Jayson Jacoby
The Baker City Herald

The Penn State University child sex abuse story is awful.

Jerry Sandusky, a former longtime assistant to legendary Penn State football coach Joe Paterno, is accused of abusing eight pre-teen boys over 15 years.

Because crimes allegedly continued even after several Penn State officials - Paterno among them - were notified about concerns regarding Sandusky's activities, the situation has highlighted differences in state and federal laws known collectively as "mandatory reporting" statutes.

The basic idea is that certain people - social workers, teachers and

doctors are examples common to pretty much every such law - should be

legally obligated to report suspected abuse or neglect of children.

Oregon's mandatory reporting law is relatively broad, applying not only

to the aforementioned professions, but to a host of others, including

hospital administrators, legislators, probation officers and members of

the clergy.

Pennsylvania has a mandatory reporting law, but it is unusual in that

it allows educators to report abuse allegations to their superiors

rather than requiring that they go to the police.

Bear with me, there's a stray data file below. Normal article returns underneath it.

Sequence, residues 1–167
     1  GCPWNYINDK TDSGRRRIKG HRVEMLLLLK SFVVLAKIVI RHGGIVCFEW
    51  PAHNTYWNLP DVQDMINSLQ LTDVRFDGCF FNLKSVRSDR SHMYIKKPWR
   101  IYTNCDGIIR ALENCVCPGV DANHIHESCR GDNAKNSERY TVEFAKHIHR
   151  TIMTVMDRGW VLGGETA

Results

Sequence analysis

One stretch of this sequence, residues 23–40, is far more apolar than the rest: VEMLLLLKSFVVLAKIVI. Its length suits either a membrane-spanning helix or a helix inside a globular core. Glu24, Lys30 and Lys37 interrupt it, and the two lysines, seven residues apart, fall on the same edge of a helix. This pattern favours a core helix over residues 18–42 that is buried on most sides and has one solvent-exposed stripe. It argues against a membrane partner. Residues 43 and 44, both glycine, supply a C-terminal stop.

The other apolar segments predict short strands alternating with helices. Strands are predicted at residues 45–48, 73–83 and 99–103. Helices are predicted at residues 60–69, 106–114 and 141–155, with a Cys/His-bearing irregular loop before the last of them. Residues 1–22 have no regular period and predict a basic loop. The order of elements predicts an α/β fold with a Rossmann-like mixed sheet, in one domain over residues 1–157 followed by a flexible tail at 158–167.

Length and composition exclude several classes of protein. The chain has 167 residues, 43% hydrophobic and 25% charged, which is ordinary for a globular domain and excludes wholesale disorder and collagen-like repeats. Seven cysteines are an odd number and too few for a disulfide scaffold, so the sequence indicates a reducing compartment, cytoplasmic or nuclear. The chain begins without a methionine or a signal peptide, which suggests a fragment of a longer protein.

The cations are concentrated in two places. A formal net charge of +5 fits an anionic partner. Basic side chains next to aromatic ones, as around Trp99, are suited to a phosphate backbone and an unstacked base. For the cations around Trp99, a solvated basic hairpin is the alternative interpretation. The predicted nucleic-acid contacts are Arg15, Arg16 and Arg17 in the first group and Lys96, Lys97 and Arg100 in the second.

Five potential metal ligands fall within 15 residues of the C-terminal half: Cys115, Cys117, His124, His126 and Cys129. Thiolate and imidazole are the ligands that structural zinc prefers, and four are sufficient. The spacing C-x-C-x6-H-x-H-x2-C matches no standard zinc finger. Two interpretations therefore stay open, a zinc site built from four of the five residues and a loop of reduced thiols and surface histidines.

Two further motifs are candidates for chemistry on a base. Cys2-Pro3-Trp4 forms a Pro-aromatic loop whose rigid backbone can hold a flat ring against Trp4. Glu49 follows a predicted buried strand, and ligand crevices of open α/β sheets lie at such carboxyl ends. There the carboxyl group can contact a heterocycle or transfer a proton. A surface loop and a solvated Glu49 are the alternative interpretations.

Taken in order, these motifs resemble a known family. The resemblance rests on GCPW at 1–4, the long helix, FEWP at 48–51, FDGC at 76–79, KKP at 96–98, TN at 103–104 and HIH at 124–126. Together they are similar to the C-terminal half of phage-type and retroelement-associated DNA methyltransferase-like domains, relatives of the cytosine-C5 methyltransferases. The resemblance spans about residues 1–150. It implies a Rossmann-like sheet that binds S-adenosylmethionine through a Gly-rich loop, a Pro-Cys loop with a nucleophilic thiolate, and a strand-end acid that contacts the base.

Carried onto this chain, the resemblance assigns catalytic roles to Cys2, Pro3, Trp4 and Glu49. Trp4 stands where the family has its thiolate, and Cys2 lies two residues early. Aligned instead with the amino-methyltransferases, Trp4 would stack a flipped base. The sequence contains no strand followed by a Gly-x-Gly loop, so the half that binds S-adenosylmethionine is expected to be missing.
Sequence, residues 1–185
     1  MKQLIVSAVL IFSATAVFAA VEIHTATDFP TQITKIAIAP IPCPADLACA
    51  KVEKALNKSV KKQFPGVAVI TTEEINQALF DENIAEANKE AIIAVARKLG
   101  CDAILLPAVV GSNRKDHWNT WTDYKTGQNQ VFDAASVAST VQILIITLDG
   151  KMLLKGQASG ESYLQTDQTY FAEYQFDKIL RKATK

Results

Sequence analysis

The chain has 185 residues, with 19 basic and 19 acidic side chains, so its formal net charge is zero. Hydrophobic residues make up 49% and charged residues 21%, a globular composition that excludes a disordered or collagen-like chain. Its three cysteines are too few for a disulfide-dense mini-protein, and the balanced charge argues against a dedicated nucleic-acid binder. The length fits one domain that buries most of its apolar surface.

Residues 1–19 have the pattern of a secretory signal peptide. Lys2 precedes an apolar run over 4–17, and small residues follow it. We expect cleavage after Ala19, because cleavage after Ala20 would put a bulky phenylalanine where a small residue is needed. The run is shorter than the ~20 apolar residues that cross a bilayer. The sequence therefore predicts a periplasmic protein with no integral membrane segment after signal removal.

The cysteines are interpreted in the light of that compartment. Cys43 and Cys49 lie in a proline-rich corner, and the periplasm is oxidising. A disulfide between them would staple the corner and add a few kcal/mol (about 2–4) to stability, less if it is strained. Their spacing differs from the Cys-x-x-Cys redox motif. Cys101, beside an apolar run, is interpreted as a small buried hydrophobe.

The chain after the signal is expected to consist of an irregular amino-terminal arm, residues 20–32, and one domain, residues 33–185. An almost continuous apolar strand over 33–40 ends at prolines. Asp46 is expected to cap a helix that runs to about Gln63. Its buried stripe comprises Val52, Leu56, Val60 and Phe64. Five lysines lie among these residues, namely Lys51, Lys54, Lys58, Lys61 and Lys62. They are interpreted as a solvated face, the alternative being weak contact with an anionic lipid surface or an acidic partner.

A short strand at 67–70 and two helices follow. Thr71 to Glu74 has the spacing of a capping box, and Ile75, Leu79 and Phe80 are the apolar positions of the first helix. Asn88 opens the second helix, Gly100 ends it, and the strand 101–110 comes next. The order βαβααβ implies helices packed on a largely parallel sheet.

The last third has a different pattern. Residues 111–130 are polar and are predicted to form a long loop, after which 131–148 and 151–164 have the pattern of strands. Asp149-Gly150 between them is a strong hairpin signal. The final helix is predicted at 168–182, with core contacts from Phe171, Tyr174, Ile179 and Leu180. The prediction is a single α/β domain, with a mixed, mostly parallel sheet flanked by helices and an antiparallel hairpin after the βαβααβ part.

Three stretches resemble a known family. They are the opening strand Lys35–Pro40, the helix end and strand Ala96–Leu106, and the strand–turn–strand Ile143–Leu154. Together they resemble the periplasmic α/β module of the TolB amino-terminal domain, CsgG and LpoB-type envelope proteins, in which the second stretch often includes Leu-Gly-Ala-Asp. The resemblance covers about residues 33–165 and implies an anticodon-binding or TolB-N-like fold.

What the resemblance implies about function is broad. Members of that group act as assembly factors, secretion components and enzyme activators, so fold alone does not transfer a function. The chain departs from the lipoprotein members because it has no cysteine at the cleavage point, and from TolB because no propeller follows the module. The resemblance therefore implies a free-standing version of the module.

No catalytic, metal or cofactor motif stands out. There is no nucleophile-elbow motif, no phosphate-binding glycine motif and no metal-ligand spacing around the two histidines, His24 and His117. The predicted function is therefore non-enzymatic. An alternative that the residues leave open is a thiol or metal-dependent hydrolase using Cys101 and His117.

At the other end of the spectrum, 18 states - Oregon not among them - require all adults to report suspected child abuse.

U.S. Sen. Bob Casey, a Democrat from Pennsylvania, thinks the 32 other states should join that list.

We agree.

Casey wants Congress to pass his Speak Up to Protect Every Abused Kid Act.

The legislation would require states to either enact universal

mandatory reporting laws, or lose federal dollars through the Child

Abuse Prevention and Treatment Act.

(Oregon's share averaged about $323,000 per year for fiscal years 2007-09.)

We would like to believe, of course, that the issue of children being

sexually abused is a matter of morality and ethics, that no law is

needed to prompt adults to take such a fundamental action to protect

vulnerable children.

Obviously this is not the case.

We're not suggesting that adults who fail to call police when they suspect child abuse should be put in prison.

But cases such as the Penn State scandal - which is the most heavily

publicized recent incident but, sadly, is hardly the only one -prove

that some people need to be reminded of their obligations.

And laws tend to be pretty potent reminders.